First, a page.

When I think back on the thirty plus movies and television shows I’ve worked on, one always stands out—a little gem entitled BEWARE CHILDREN AT PLAY. If the title doesn’t ring a bell, it’s that infamous movie where a dozen children are brutally slaughtered on camera. When Troma Films screened Beware’s trailer at the Cannes Film Festival it allegedly inspired outrage and mass walkouts. Personally, I’d chalk some of that up to Lloyd Kaufman’s ballyhoo, but it still sounds credible.

One quick note: Beware is often referred to as a Troma film, but technically it isn’t. It was picked up for distribution by the House of Kaufman several years after production. Troma released the film as a VHS and a barebones DVD with a low-end transfer. Just thought I’d clear that up.

Thankfully those cinephiles at Vinegar Syndrome have remastered Beware Children at Play for a Blu Ray release, adding copious special features to the package.

Some call Beware Children at Play, one of the worst films ever made, which I think is a stretch—I mean try sitting through Red Zone Cuba! It’s a bizarre and entertaining viewing experience that makes you ask, “What the F*** were they thinking?” And that’s what makes it so much fun. Looking back at Beware’s production offers a nice time capsule into making a no budget movie during the pre-digital, pre-CGI age; back when films were shot on film, movie blood was sticky and the boundaries of good taste were only there to be trampled over.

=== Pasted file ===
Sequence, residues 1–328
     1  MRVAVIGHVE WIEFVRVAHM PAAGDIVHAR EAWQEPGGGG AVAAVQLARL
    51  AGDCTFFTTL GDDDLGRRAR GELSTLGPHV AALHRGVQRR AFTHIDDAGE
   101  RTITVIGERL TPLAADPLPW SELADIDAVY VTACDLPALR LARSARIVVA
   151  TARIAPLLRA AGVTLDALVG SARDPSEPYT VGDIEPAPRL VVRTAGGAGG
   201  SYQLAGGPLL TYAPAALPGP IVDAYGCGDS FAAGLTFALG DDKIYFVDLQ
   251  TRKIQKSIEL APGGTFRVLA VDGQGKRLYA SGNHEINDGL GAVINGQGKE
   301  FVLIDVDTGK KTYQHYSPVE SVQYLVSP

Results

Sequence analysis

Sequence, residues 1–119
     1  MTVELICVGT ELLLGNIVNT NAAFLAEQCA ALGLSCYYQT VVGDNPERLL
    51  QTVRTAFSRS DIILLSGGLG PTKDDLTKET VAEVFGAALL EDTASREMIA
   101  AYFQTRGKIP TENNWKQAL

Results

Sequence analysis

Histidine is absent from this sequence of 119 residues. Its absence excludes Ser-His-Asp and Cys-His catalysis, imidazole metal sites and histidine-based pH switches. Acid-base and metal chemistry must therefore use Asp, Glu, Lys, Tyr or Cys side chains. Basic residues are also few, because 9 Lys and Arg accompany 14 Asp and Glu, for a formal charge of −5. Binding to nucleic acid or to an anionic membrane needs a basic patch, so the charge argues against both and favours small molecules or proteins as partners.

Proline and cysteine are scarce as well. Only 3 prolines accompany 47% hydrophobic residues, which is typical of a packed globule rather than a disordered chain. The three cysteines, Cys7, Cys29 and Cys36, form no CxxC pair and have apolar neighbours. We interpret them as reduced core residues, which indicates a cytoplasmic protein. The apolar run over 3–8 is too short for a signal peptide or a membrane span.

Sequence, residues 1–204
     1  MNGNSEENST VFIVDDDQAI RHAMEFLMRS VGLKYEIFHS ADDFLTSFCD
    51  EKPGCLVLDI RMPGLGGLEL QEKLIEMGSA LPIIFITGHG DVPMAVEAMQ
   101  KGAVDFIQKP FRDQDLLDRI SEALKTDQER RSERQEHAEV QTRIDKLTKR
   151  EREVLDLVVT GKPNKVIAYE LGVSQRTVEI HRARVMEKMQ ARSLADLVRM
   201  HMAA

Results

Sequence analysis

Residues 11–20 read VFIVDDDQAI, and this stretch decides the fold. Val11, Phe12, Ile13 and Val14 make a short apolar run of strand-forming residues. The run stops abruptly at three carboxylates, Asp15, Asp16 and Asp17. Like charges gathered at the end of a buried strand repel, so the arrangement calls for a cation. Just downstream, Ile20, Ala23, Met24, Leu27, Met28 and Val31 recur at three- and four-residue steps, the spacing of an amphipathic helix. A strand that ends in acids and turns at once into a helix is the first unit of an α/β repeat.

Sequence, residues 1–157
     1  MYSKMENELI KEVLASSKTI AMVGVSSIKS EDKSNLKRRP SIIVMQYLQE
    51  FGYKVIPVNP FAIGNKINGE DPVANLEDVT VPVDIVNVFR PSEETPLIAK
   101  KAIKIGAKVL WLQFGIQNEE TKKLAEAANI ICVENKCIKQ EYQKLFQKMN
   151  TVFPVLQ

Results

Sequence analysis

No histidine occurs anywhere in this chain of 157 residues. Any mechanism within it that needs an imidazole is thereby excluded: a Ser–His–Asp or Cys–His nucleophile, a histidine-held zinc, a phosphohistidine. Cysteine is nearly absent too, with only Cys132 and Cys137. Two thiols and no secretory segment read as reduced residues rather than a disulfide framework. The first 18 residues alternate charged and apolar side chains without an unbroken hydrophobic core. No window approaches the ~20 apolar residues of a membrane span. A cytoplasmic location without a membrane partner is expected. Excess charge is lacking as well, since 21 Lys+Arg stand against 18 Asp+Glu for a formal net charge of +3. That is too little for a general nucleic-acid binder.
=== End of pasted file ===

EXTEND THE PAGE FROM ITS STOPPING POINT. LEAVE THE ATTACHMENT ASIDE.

My involvement stemmed from a lifelong love for low budget horror movies. As a kid I devoured magazines like Famous Monsters. During my time in the military, I discovered Fangoria, a magazine chock full of tales of New York indie horror films like Basket Case. Clearly, that the place to be. Upon leaving the military I moved into a fifth-floor walk-up in Manhattan’s rough and tumble Alphabet City. I gravitated to Times Square grindhouses, watching classics like Zombie and Maniac on the big screen. Sitting in a theater full of day-release mental patients, drug dealers and knife wielding crack heads adds an extra dimension to titles like Make Them Die Slowly. In 1984, New York was truly a land of wonders… as long as you didn’t get stabbed on the F-Train.

Fast forward two years. I’d just finished broadcast engineering school, and wrangled a video production gig at the United Nations. A chance meeting with effects artist John Dods (The Deadly Spawn) Ied to my spending weekends in Rye, New York, puppeteering on Spookies (originally Twisted Souls). That film’s director urged me to see Mic Cribben and Ellen Wedner—a husband and wife duo making a horror film titled Goblins (which later became Beware Children at Play). Mic owned his own 35mm Arriflex BL1 package, along with a Nagra recorder and a Steenbeck editing table—the building blocks of making a film. What they didn’t have was money, but they weren’t letting that stop them.